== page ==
For many outside of it, the book trade can appear quite conservative—to the point where it has been held up as an icon of an industry that’s been slow to adapt to the social and digital changes over the past few years. Even those inside the publishing industry are keen to bemoan their lack of innovation.
But if we look to the industry of publishing and selling books as a whole, it is very much a dual history. Yes, many traditions are still alive and well, even though their best-by date may well have passed. However, be it Sir Allen Lane’s decision to sell cheap but stylish quality books in the 1930’s (what in today’s parlance would be considered both a disruptive innovation and a business model innovation) or the rise of the bookselling superstores in the 1990’s; trying to turn bookstores into micro-malls or testing out every imaginable angle as to what to publish, from tweet-collections to endlessly repackaging the classics, the book trade has always been keen to disrupt itself. Also, lest we forget, the relentless innovator and now close to unstoppable retail behemoth Amazon was long associated mainly with the book trade it sprung out of.
So how can the industry connect with this part of its history, this part of its metaphoric DNA, rather than the narrative in which the trade is traditional and hidebound? In an age where there is a palpable fear that macro-trends and an over-saturation of the market will keep eating away the economic foundations of the book trade, there is a need for real innovative thinking, the kind that the industry has shown before. The danger, however, is that this selfsame fear will drive people towards shallow innovation thinking, the kind of copycat novelty-seeking that has beset many an industry. For the book trade, which has wrestled with questions regarding its relevance and impact in our brave new world, this would be deeply problematic.
What the industry of books needs, then, is to reconnect with deep innovation. By this I refer to forms of innovation thinking that look for something more than mere novelty and the latest fad, but which instead considers the impact and the originality of its innovation endeavors. This would mean moving from pledging allegiance to innovation buzzwords such as "disruption", "transformation", and "digitalization", and instead looking back to what it is that has always made books, and the people who make and sell them, powerful.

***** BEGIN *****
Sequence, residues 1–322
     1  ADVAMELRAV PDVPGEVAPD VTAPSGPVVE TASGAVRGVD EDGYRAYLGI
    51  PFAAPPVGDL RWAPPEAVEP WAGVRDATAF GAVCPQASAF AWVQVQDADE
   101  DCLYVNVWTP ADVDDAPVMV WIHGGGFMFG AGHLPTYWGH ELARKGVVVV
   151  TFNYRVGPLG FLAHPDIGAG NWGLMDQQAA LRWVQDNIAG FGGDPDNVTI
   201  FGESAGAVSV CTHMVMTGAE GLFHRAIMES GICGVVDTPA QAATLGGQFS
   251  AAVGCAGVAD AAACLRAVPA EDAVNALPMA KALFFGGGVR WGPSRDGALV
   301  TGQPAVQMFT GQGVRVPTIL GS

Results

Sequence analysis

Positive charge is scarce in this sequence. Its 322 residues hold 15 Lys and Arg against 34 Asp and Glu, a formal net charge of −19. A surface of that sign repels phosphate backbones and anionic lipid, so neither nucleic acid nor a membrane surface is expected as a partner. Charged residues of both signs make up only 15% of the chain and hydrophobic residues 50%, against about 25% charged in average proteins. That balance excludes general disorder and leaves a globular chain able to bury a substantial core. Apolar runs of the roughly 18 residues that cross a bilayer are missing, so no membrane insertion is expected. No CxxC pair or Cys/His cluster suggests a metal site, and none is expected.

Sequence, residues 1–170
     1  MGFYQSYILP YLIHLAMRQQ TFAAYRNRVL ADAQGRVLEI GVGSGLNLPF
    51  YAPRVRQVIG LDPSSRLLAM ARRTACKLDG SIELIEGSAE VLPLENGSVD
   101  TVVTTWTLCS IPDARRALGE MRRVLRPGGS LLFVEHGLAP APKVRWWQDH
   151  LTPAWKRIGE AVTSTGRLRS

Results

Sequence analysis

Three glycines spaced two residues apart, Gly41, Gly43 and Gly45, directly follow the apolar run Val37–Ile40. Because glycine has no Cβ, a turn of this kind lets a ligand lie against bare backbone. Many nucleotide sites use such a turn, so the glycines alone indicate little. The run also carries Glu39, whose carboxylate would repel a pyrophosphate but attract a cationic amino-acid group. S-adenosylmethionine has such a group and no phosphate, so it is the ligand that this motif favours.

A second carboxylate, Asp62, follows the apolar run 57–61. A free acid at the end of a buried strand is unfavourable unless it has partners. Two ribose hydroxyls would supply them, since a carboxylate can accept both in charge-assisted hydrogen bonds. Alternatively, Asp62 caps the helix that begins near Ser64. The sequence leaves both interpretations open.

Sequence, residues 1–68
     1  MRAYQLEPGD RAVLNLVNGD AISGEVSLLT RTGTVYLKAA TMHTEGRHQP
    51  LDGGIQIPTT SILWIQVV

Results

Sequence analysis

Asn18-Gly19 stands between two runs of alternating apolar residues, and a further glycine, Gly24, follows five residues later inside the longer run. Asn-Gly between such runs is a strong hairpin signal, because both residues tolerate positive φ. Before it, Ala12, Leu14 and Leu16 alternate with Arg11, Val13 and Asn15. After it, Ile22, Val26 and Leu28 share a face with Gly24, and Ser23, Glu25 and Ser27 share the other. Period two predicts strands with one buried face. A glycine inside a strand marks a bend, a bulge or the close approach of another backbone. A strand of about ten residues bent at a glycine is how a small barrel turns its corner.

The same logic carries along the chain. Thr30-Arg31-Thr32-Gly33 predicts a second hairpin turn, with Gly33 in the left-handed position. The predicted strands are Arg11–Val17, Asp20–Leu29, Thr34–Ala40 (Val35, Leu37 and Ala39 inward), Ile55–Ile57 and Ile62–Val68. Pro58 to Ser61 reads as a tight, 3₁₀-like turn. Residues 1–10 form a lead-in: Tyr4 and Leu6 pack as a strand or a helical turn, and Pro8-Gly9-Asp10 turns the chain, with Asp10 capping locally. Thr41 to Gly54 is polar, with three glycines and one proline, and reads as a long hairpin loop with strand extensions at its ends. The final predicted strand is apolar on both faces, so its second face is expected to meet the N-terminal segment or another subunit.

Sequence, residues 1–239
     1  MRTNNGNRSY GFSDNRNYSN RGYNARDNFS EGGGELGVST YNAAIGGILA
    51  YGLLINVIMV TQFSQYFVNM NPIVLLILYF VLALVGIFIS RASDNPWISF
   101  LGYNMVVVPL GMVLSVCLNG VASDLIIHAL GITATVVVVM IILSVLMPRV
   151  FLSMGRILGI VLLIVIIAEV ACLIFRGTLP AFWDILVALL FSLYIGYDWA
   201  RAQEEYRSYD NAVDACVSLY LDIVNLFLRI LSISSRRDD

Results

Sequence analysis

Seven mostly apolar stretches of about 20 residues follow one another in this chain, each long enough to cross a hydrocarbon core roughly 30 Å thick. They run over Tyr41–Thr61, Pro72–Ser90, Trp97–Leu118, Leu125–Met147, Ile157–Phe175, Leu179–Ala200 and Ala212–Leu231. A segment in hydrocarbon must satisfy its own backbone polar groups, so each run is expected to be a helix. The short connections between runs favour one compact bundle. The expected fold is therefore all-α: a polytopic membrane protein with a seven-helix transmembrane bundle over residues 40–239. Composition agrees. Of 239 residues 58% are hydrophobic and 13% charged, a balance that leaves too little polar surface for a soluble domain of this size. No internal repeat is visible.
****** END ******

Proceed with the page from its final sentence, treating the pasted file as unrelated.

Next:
This isn’t mere puffery, nor is it wishful thinking. Whilst we may live in the age of the celebrity tweet, we also live in the age of #bookstagram. In an age of commoditized inauthenticity, people are busy sharing pictures of their favorite bookstores, and teenagers are gravitating towards poetry once more. Libraries are reporting that all kinds of reading for pleasure is showing strong growth, and people are increasingly looking for authentic pleasures, including that of a good book.
Here, I believe it is important to look back to what many of the great past innovations of the book trade did. They didn’t necessarily add functions to either books or bookstores (although the cafés were a nice touch – thanks!). They didn’t reinvent storytelling, not really, nor throw out classic formats. What they did, quite often, was democratise reading and simplify access to knowledge and stories. They lived up to the desire for something authentic and deep, and did not solely reserve this for the affluent urban intelligentsia.
Central to this is that the industry has a serious discussion about the things that made the book trade innovative, including the key issue of impact. Publishers used to care about books having impact, and assumed the sales would follow. Booksellers wanted for their stores to have a place in the surrounding community, and trusted that the customers would come. Today, we need to tap into this anew, and try to find the kinds of novel modes of publishing and bookselling that can affect new groups and open new discussions. Here, the trade would do well to slow down a little, to scan society and try to identify potential readers and communities that haven’t usually been on the industry radar, and further see what role bookselling can have in an era of huge mega-trends – aging and inequality being two of the more obvious ones.
Regardless of what the evangelists of small screens say, the book isn’t going anywhere. Nor is bookselling. What the industry needs, however, is a discussion about the many ways in which it has always been innovative, always capable of great change. By channeling this, the secret innovation history of the book trade, we can find ways to talk about innovation that isn’t just tied to the tired buzzwords and empty clichés. Such deep conversations about what innovation can be, whom it can serve, and how an industry can try to address wicked problems in society, would be far more productive than worrying about whether something is "transformative" or not. The book trade has always been built on a foundation of man’s search for meaning, and the industry is uniquely placed to draw upon this to define its own role, and what makes it meaningful in this day and age. Innovation? That will follow, as surely as day follows night.
Alf Rehn is a professor of innovation at the University of Southern Denmark and a leading keynote speaker. His new book Innovation for the Fatigued is out now from Kogan Page, priced £14.99. Visit alfrehn.com to find out more.